The victory improved the Tide's record to 5-2 overall and 2-1 in Southeastern Conference games. Mississippi dropped to 5-2 and 2-1. It was the 150th career head coaching victory for Alabama's Dennis Franchione.
Alabama continues in SEC play next Saturday when the Tide goes to Knoxville to take on the Tennessee Volunteers. Tennessee was open this weekend. The game is expected to be an ESPN telecast with kickoff approximately 7:30 p.m. EDT, 6:30 p.m. CDT.
The game included the dramatic return to action of Bama punter Lane Bearden, who had suffered a torn anterior cruciate ligament in his knee nearly a month ago against Arkansas. Beard punted five times for a 40-yard average, had two inside the 20, and the three Bearden punts the Rebels attempted to return went for minus two yards.
Franchione called Bearden's performance the most courageous he had seen in 30 years of coaching. "If he doesn't win the SEC Specialist of the Week Award, there is no reason for them to have that award," the Tide coach said.
On the "bad" injury side, however, quarterback Tyler Watts, attempting to come back after suffering a sprained foot against Southern Miss three games earlier, appeared to re-injure the foot in the second quarter when he made a misstep. Watts had completed four of six passes for 43 yards and run four times for 12 yards before the non-contact injury. Brodie Croyle, who had started at quarterback the past two games, had a very good game in relief, completing six of 11 passes for 179 yards. Neither quarterback was intercepted.
Bama drove 85 yards in nine plays to a 25-yard Beard touchdown run on the Crimson Tide's first possession and Alabama was never headed in the game. Bama unveiled a new placekicker Saturday as junior college transfer Kyle Robinson, a left-footed kicker, made his debut by connecting on all six of his extra point kicks. Bama did not attempt a field goal Saturday.
A 35-yard Beard run on Alabama's second possession capped a five-play, 59-yard drive that gave Alabama a 14-0 lead.
The Rebels pulled to within a touchdown just before the end of the second half with a nine-play, 70-yard drive. Robert Williams ran it in from three yards out.
Although the offense seemed to stumble in the second quarter after the injury to Watts, on a third-and-13 play from the Alabama 49 Croyle connected with Dre Fulgham on a touchdown pass that gave Bama a 21-7 halftime lead.
Beard's third touchdown of the game was the only score of the third quarter. He went in from nine yards out to give Alabama a 28-7 lead. However, there was plenty of additional drama in the remainder of the quarter. Ole Miss drove to a first down at the Alabama three. However, the Bama defense stiffened with a successful goalline defense. And after taking over at its own two-yard line, Alabama got a 64-yard Croyle to Sam Collins pass on the final play of the third quarter, setting up Alabama at the Mississippi two-yard line.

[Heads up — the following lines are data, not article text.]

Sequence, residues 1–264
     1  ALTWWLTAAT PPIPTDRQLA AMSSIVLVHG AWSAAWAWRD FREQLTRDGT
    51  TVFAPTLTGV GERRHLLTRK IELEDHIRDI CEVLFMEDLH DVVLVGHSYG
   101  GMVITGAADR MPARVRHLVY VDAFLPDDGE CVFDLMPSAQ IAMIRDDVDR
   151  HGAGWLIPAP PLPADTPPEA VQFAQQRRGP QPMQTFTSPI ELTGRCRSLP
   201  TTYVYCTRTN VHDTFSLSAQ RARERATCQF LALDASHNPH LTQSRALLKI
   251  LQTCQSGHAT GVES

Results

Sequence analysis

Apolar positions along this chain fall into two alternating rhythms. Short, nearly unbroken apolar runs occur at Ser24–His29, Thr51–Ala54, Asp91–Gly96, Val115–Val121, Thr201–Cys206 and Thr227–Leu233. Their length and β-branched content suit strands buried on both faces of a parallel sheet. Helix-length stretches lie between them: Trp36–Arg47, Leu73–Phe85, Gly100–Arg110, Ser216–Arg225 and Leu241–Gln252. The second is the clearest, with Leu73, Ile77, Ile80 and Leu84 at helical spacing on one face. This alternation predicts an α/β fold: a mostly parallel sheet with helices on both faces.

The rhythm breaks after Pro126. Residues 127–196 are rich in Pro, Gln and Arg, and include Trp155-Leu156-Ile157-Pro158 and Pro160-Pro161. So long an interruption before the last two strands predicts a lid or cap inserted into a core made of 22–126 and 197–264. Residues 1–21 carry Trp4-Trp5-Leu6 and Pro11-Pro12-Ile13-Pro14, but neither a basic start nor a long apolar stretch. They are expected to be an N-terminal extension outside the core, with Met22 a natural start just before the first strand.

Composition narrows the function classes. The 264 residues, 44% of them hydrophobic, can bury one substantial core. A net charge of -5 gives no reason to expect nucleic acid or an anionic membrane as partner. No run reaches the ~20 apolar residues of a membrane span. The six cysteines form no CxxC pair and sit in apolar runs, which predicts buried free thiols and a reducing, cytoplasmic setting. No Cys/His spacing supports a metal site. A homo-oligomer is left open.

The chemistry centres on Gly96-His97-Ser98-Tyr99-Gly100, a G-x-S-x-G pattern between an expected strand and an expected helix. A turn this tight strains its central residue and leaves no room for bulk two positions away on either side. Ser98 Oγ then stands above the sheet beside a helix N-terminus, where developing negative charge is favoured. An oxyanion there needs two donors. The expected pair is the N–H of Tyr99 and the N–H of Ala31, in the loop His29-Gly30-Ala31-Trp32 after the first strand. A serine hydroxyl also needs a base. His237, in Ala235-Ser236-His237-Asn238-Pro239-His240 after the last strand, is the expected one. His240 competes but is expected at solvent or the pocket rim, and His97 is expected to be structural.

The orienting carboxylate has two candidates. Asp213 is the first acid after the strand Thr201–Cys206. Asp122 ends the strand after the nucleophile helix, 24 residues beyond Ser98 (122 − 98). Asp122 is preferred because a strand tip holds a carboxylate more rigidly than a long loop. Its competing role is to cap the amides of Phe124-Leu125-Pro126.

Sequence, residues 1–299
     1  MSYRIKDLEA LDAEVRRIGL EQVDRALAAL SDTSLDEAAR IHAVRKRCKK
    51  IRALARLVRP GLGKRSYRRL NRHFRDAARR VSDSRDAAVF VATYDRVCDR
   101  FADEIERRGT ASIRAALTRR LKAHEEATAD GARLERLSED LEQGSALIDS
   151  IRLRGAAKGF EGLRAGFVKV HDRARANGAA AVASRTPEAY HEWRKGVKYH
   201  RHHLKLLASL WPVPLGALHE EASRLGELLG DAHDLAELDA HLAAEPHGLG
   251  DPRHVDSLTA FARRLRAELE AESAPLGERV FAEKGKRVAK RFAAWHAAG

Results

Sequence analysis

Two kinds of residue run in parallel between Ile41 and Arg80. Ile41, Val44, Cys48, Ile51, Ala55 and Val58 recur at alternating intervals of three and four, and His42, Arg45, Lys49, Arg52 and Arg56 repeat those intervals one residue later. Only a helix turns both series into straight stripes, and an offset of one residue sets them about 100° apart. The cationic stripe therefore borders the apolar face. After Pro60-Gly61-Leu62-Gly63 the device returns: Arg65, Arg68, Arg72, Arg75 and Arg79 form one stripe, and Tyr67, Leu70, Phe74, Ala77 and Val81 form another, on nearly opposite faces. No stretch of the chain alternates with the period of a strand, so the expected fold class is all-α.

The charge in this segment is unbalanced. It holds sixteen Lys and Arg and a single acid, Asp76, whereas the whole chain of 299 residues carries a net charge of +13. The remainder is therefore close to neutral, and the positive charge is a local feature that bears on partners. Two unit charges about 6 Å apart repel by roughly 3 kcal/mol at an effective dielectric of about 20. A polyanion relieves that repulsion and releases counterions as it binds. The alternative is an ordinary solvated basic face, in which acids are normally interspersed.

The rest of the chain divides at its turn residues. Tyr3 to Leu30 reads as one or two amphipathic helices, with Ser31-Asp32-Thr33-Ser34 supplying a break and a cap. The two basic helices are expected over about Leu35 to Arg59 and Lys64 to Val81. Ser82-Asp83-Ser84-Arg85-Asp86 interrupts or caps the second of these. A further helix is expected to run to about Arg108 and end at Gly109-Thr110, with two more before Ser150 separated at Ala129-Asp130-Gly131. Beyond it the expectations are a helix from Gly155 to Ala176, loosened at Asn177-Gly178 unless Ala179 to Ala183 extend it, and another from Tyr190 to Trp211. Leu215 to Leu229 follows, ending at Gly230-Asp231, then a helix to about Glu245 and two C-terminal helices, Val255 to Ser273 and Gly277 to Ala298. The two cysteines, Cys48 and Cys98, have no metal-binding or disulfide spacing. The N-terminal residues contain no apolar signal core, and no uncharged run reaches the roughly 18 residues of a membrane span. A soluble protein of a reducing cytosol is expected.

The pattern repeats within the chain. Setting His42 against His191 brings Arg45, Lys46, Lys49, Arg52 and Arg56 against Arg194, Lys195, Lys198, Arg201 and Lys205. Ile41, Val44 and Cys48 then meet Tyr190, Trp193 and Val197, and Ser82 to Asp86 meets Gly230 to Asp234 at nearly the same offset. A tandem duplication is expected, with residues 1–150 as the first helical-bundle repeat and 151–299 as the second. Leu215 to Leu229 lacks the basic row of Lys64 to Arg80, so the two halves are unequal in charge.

On the first play of the fourth quarter Beard got his fourth touchdown. Alabama, which had been looking at an almost certain cut in the lead to only 14 points going to the final period, instead led by 35-7 with just under 15 minutes to play.
Bama wrapped up the game with an impressive drive of 5 minutes and 41 seconds, an 11-play, 84-yard march with Beard going in from 10 yards out. It was 42-7 with only 3:50 to play.
There were at least two "bulletin board" type items that proved not to be a factor in the game. In his regular Tuesday press briefing, Franchione had said Bama's fourth quarter loss (27-24) to Mississippi in Oxford last year should motivate his team, adding that Franchione had circled this year's game on his calendar on the day after last year's contest. (Mississippi Coach David Cutcliffe, who was among the Alabama alumni in Tuscaloosa for homecoming, may circle the date of next year's game on his calendar Sunday.)
The other potential bulletin board item was Bama defensive end Nautyn McKay-Loescher noting that he had picked up a recent copy of "GQ" magazine and seen Mississippi quarterback Eli Manning in a fashion cover pose. McKay-Loescher had said before the game it was the goal of the Alabama defense to get to "the pretty boy." The defense did pretty well. Manning had been sacked only four times in Mississippi's first six games. Alabama defenders sacked Manning three times and held him to 18 completions in 32 attempts for 219 yards with one interception and no touchdowns. McKay-Loescher had one of the sacks for 13 yards and also caused a fumble on the play.
Alabama had only three more first downs than Mississippi, 18-15. And the Rebels won the time of possession battle, 31:25 to 28:35. But Bama dominated in yardage. The Tide had 43 rushes for 234 yards and completed 10 of 17 passes for 222 yards. ("I liked our offensive balance," Franchione said after the game.) That was total offense of 456 yards. Mississippi had 28 rushes for four net yards on the ground. Along with the 219 yards of passing offense, the Rebels had 223 yards. Both teams had 60 offensive plays, Alabama averaging 7.6 yards per play, Mississippi 3.7 yards per play.
If a goal of the defense is to shut down the rushing game, consider what Alabama did to the Rebels. Including the three sacks for 37 yards in losses against Manning, the Rebels had 28 rushes for gains of 53 yards and losses of 49 yards. The leading rusher for the Rebels, Williams, had eight carries for 23 yards.
Dre Fulgham had three receptions for 87 yards and Sam Collins three catches for 83 yards. Shaud Williams had nine rushes for 39 yards and five punt returns for 59 yards.
Tide safety Charles Jones had eight tackles, while Waine Bacon and Derrick Pope were in on four each. McKay-Loescher, Antwan Odom, and Jarret Johnson had sacks. Gerald Dixon turned in a pass interception and broke up five passes.